How to Stop a Civil Tax Audit from Becoming a Criminal Prosecution

By:  Coleman Jackson, Attorney, CPA
June 30, 2016

selected for tax audit

When the taxing authorities visits your home or business establishment, make sure you first get their business card(s) to determine who they are.  For example, federal tax investigations are handled by the IRS’s Criminal Investigation Division (CID).  If a Special Agent from CID visits you think the same way that you would if any law enforcement officer visited you at your home or business on official business.  Anything that you say could possibly be used against you in a court of law.  You need legal representation before you proceed with answering any questions because you could be inadvertently making admissions that can be used against you in a criminal prosecution.  You must always be truthful when answering questions with a law enforcement officer whether the officer is your local police, or tax investigator with CID or criminal tax investigator with the Texas Comptroller of Public Accounts Office.  Always keep in mind that non-compliance with federal and state tax laws can lead to civil penalties as well as criminal prosecution under some circumstances.

What kind of taxpayer conduct could turn a civil tax audit into a criminal prosecution?  Tax fraud with the intent to evade federal and state tax statutes could lead to criminal prosecution in certain circumstances.

What kind of taxpayer conduct could turn a civil tax audit into a criminal prosecution?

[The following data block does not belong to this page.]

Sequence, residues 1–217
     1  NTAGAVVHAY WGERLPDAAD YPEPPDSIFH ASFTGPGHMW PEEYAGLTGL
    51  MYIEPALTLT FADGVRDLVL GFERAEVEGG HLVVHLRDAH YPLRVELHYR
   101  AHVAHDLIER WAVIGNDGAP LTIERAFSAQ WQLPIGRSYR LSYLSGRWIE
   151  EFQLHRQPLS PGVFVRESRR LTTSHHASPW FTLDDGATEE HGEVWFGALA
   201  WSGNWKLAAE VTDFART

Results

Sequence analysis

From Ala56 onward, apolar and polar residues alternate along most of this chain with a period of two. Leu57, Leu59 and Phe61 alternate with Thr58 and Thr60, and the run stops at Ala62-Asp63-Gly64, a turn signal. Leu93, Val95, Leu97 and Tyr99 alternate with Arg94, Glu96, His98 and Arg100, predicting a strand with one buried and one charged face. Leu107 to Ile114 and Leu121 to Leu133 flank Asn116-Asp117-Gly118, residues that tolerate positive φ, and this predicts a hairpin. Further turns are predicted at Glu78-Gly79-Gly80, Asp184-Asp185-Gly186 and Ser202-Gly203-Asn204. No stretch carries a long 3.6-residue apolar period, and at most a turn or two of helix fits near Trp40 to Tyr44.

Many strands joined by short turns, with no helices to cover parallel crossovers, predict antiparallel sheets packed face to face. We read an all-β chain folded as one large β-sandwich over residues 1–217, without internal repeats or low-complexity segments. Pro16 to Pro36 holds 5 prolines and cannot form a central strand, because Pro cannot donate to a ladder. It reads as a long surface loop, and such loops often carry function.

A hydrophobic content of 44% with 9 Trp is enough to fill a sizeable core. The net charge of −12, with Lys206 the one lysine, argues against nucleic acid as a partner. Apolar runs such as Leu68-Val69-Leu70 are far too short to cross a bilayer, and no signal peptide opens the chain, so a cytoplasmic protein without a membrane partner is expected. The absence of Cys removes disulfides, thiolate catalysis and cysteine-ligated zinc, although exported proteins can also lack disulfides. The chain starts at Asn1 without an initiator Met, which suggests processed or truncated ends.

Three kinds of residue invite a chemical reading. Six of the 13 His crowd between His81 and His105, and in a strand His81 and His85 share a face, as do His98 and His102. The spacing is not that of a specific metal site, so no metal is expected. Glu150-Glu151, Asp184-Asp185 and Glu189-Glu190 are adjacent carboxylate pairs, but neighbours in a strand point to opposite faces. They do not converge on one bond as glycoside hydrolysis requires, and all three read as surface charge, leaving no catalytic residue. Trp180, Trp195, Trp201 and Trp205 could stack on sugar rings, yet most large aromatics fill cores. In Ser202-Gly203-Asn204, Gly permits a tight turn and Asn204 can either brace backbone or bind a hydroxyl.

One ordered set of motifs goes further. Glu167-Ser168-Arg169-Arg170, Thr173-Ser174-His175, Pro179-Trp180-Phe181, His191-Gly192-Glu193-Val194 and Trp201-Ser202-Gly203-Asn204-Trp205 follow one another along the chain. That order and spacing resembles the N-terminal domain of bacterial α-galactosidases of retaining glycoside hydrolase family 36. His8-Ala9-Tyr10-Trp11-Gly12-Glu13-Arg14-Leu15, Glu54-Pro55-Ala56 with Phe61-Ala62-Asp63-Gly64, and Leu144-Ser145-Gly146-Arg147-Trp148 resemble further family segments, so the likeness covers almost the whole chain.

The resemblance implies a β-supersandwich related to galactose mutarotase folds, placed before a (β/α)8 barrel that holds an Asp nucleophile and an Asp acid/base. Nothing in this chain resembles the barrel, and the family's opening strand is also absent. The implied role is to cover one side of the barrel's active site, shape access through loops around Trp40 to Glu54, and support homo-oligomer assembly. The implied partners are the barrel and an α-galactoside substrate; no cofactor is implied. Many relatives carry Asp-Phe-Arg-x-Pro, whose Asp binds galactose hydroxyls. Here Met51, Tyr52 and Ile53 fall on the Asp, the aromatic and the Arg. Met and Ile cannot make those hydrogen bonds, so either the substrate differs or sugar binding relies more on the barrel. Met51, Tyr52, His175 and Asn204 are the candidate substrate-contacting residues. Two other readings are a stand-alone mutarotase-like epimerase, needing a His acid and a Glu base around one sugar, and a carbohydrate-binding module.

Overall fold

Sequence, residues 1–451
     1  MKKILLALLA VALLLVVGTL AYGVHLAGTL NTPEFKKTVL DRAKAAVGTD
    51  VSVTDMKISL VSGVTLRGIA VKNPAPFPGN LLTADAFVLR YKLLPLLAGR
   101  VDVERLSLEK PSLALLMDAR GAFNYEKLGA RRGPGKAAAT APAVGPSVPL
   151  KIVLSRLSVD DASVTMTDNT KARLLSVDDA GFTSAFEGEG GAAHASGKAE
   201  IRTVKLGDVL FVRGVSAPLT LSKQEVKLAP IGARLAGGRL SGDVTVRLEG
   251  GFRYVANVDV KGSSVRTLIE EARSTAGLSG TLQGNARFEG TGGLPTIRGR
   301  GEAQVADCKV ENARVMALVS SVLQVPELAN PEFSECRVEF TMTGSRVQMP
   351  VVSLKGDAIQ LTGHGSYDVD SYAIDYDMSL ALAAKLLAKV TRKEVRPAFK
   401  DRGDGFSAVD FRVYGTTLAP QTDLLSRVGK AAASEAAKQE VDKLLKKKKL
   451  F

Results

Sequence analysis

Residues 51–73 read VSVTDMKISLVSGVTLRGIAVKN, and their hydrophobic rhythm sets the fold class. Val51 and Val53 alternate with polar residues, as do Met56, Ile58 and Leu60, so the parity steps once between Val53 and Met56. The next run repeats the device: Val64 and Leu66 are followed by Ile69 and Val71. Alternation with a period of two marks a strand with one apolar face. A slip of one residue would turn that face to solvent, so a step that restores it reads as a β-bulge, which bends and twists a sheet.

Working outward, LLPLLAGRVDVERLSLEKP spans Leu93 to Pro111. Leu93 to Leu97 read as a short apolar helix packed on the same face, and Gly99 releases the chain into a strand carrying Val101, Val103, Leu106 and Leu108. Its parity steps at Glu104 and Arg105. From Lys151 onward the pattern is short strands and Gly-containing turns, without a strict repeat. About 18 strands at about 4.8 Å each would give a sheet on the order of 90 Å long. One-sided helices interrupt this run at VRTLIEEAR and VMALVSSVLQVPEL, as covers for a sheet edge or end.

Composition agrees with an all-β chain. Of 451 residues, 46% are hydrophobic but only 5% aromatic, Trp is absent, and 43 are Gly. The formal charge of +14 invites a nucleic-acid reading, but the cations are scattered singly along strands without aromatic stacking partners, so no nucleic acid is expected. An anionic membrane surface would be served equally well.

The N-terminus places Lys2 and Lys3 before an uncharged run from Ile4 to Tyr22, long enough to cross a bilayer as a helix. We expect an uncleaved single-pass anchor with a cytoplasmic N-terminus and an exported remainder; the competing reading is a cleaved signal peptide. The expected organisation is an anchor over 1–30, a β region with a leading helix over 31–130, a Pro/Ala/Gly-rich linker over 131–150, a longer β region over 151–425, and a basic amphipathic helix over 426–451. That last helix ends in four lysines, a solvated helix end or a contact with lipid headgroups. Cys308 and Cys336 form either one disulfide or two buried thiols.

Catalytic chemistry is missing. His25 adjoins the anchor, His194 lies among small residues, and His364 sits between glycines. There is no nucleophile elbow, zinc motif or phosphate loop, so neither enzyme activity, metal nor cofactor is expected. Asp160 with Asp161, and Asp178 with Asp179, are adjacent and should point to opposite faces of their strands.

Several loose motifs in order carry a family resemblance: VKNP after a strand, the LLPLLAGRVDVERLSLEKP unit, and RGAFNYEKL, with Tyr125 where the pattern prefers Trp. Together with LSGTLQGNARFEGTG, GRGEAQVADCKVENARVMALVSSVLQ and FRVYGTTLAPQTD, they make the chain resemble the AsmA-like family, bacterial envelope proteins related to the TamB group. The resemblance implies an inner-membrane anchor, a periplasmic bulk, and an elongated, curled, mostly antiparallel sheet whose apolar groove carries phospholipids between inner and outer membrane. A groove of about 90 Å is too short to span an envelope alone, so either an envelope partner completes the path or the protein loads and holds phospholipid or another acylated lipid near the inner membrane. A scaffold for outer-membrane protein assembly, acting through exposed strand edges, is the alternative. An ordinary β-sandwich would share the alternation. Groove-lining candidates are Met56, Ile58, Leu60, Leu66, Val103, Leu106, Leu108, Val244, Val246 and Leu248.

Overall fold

Historically the courts have developed certain, so called, badges of tax fraud.  When the following badges of tax fraud exist; particularly if they establish a pattern of deceptive behavior, could lead to a criminal tax indictment under federal and state tax laws:

  1. Understating of income;
  2. Maintaining inadequate records;
  3. Implausible or inconsistent explanations of behavior;
  4. Concealing income or assets;
  5. Engaging in illegal activities;
  6. Failing to cooperate with tax authorities;
  7. An intent to mislead; and
  8. Filing false documents

When taxing authorities come knocking, it is important that taxpayers quickly learn who they are, be honest, up front and cooperative with the investigation or audit from beginning to end. Mere hiding the ball and being elusive and mean could potentially turn a civil audit into a criminal investigation. If the taxpayer has nothing to hide, why are they pushing back so hard when a tax examiner shows up at their door? Sometimes tax authorities go undercover. In these cases the taxpayer may not even know that they are being interviewed by a special agent of CID. Sometimes tax investigators for Texas and the U.S. government pose as purchasers, or buyers, or vendors, or some other gist. A tax counselor is a prudent business decision from the first hint of learning that the taxing authority visitor is from IRS’s CID or the correlating criminal investigation division of Texas. If there is any doubt as to the nature of the taxing authorities visit, tax counsel should be involved in that first encounter if at all possible.

This law blog is written by the Taxation | Litigation | Immigration Law Firm of Coleman Jackson, P.C. for educational purposes; it does not create an attorney-client relationship between this law firm and its reader. You should consult with legal counsel in your geographical area with respect to any legal issues impacting you, your family or business.

Coleman Jackson, P.C. | Taxation, Litigation, Immigration Law Firm | English (214) 599-0431 | Spanish (214) 599-0432

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